“I never felt like I had homework because when you’re there, you do what you want to do,” Karges said. “So you were always inventing something, creating something, doing some kind of study. You learned by going out and doing it, which is to say every day.
The Dean’s List student excelled, even completing a project for the General Electric Co. He worked with a few other students to expand GE’s design of a miniature ultrasound system.
“Cory wanted to do more than just finish homework,” Ask recalled. “He wanted to do a great job in whatever he was working on. While at Penn College, he combined hard work and passion in a powerful way.
After graduating and a stint in the natural gas industry as a field engineer, Karges emigrated to Florida where he got a job as a design engineer for a manufacturer of architectural specialties, including signage. . In March 2018, he found his place at Sign Producers.
“It’s a team-oriented place. We all work on everything together. We are all going to make sure that each of us succeeds here, which is much better than feeling like the only one responsible for something,” Karges said.
“It has always been about family and quality. It’s because we set ourselves such high standards that we employ the best talent in the sign industry,” said Daniel Scimé, Director of Sign Producers. “Cory is part of that and helps us achieve the highest level of creativity and quality that we believe our customers deserve. He is instrumental in what we do at Sign Producers.
Design decisions should consider more than aesthetics. Signaling hardware and quality of engineering are also key considerations.
For example, attractions at Universal like Skull Island: Reign of Kong and Hagrid’s Magical Creatures Motorbike Adventure require wooden signage. However, wood is prohibited in the park due to the risk of fire. Instead, Sign Producers substitutes polygem epoxy, an artistic concrete, to mimic the look of wood.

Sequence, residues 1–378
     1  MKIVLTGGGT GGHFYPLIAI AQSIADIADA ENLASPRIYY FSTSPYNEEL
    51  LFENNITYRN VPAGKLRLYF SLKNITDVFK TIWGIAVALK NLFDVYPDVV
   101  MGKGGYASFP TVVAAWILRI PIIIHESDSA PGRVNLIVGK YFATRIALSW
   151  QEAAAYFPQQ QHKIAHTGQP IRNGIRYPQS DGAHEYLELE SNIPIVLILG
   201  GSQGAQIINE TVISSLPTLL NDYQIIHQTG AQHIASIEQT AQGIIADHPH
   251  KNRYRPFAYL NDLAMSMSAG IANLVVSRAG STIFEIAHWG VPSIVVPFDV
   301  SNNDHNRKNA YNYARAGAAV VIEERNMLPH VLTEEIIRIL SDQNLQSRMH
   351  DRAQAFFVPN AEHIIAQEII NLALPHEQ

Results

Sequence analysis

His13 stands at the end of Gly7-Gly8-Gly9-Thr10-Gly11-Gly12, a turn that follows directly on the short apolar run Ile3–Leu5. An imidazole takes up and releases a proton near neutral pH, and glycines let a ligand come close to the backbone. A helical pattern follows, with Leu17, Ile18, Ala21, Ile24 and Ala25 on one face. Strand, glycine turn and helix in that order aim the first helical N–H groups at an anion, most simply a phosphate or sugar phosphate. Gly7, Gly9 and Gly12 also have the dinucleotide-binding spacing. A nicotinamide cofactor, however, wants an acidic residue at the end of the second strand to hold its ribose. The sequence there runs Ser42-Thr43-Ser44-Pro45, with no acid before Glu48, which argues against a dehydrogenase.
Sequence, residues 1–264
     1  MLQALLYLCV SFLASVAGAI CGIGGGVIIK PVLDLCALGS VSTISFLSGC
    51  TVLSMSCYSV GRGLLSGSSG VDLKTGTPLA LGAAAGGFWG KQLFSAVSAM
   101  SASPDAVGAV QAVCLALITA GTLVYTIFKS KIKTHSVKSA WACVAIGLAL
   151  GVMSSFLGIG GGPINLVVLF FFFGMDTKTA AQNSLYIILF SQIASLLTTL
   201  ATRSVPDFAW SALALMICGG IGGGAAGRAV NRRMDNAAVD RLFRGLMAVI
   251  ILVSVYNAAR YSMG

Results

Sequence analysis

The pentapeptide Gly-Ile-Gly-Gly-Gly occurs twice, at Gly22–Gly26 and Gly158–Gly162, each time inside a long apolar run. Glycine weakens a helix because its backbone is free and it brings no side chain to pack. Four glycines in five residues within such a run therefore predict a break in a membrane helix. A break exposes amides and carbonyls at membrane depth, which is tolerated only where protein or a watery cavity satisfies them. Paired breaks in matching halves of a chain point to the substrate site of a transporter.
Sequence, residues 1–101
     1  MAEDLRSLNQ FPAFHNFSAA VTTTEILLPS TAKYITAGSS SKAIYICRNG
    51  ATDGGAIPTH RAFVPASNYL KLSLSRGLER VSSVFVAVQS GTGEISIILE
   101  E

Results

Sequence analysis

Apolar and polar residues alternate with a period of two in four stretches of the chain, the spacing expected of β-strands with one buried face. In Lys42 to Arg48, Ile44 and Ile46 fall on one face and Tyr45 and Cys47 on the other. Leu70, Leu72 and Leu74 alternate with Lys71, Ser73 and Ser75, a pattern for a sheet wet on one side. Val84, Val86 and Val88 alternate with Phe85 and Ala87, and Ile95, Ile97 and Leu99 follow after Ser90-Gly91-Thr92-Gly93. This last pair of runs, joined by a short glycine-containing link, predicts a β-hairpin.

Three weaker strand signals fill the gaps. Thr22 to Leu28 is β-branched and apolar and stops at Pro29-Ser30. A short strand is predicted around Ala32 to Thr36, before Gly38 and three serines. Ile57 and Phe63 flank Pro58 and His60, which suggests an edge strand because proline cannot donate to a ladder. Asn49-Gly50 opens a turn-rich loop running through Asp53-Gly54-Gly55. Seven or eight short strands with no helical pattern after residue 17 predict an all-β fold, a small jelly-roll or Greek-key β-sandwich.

Whether polygem epoxy, aluminum or steel, the signage is designed to “five times what it would actually take to fail,” according to Karges. The panels must be able to withstand tropical storms and hurricanes in Florida and earthquakes in California.
Karges is aware of the engineering and manufacturing process since Sign Producers’ manufacturing wing – consisting of a machine shop, welding stations, CNC routers and paint booths – is located just after his office space.
“If I have a problem or need to know something, I walk through a door and ask the right people, and it’s resolved almost immediately, which is cool,” Karges said. “And it’s always a chance to learn something.”
His most recent project at Universal was the marquee for The Bourne Stuntacular, a live-action stunt show debuting this spring based on the “Jason Bourne” film franchise. The design — featuring the attraction’s title in three shades of blue and varying amounts of raised lettering — was fun and thought-provoking, according to Karges. So kept the job secret. Theme parks don’t want the public to know about upcoming attractions until an official announcement is made.
“You work on panels for things you can’t talk about, which is sometimes the hardest part of the job,” Karges said with a smile. “The new Harry Potter ride was quiet for two years while we were working on it.”
To prove his point, Karges happily anticipated any talk of future projects with Universal and Disney.
“We have a lot of exciting things to come. That’s all I can say.”
Once again, Cory Karges didn’t want to stand out – but his work will for generations to come.